Scott Wise, founder and CEO of Scotty’s Brewhouse restaurants, professes that his employees are the key to his success. They are more important than customers. He states, “If your employees believe in your dreams and values then ultimately they will make your guests happy, too.”
We all know the don’ts of air travel: Don’t turn on your phone after the doors are closed or before landing, don’t carry on more than two items, and, by God, don’t dare think of boarding before your turn.
So, instead I present five of my do’s.
Charge! I have become extremely dependent upon my smartphone for just about everything (boarding pass, watch, book, magazine, messenger, planner, theater, and phone) that I take advantage of every opportunity to keep it juiced up. Many airports now have convenient charging stations and we no longer have to look silly sitting on the carpet by some isolated outlet. But such amenities are few and far between (i.e., a privilege and not yet a convenience). And, unless you’re sitting in first class on certain planes or on an overseas flight, charging above 10,000 feet is not an option.
Stand, Stretch, Walk Move! Instead of sitting at the gate, waiting impatiently and listening to annoying announcements, get up and wander around. Peruse the overpriced souvenirs. Blocking fellow travelers rushing to their gates can be fun, too! There’ll be time enough for lounging around later.
Elevate If you must sit and wait at the gate, then throw your feet up on your suitcase like I do. Yes, it may seem gauche to some, but who cares? Your legs and feet will thank you later. Socks or no socks, that’s up to you (socks for me). But, ladies, do take extra caution when wearing a skirt or dress.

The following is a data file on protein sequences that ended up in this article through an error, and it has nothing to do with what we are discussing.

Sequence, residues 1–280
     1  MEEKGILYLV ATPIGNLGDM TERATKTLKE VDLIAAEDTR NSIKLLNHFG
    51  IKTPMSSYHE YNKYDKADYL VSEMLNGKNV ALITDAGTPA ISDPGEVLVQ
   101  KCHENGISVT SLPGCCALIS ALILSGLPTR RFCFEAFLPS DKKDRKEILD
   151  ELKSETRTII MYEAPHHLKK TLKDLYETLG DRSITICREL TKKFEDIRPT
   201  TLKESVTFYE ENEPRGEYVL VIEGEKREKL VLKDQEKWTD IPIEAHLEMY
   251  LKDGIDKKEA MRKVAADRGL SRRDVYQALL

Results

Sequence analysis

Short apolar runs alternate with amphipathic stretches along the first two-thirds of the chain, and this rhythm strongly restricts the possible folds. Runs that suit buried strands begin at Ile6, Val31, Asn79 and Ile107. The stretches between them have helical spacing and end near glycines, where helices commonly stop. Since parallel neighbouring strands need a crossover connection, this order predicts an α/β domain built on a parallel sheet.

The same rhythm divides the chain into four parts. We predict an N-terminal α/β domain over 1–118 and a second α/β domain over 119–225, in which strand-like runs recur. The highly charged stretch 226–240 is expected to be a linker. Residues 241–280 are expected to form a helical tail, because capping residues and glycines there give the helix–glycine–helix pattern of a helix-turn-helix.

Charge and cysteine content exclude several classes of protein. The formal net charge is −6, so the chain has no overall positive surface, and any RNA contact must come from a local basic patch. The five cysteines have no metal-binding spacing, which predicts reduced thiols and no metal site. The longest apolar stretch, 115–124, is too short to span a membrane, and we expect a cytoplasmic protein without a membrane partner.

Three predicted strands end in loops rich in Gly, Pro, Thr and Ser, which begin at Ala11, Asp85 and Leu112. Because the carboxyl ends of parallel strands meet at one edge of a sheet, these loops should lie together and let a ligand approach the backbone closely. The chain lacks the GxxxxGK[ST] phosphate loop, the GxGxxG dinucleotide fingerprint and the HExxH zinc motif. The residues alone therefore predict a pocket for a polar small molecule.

Alleviate Popping a few pills before your flight may be just as important as staying hydrated. Two regular old aspirin to prevent DVT. I know personally of frequent fliers hospitalized because of it and that’s proof enough for me. Though, remember, I am not a medical doctor so best to consult one when in doubt.
Learn and Obey Get over it and learn to tolerate the Transportation Security Administration. They are here to stay. The TSA website is chockfull of useful information; everyone who flies commercially should review this at least once. They even have an app (gasp!). And, the TSA actually has a formal complaint process if you feel you have been treated unfairly…I highly recommended using this over making a scene at the airport. Really. Bottom line: THERE IS NO EXCUSE NOT TO BE PREPARED. And, you are dumb if you get into trouble for making snide remarks out loud.
Yes, no doubt, air travel has moved on from the days of glitz and glamour
to comfort and efficiency. What travel tips or quirks do you have to share to make it a bit more tolerable?
Today, I resurrect my life as a road warrior.
It’s Monday for many of us, so I thought I would add a bit of levity to begin the day: Louis C.K.’s rant about how we whine about everything amazing. Enjoy it during a
smoke social break. I’ll still be laughing to myself as I sit on my chair in the sky.
(Be aware that Mr. Szekley is not known for family-friendly language.)
Taking a big step can be scary.
I begin a new job tomorrow. Off on an (very) early morning flight to the big city. I cannot wait!
Leaving something you know, something you enjoy is hard. People wonder why you want to change. But these people understand. They know me. They matter.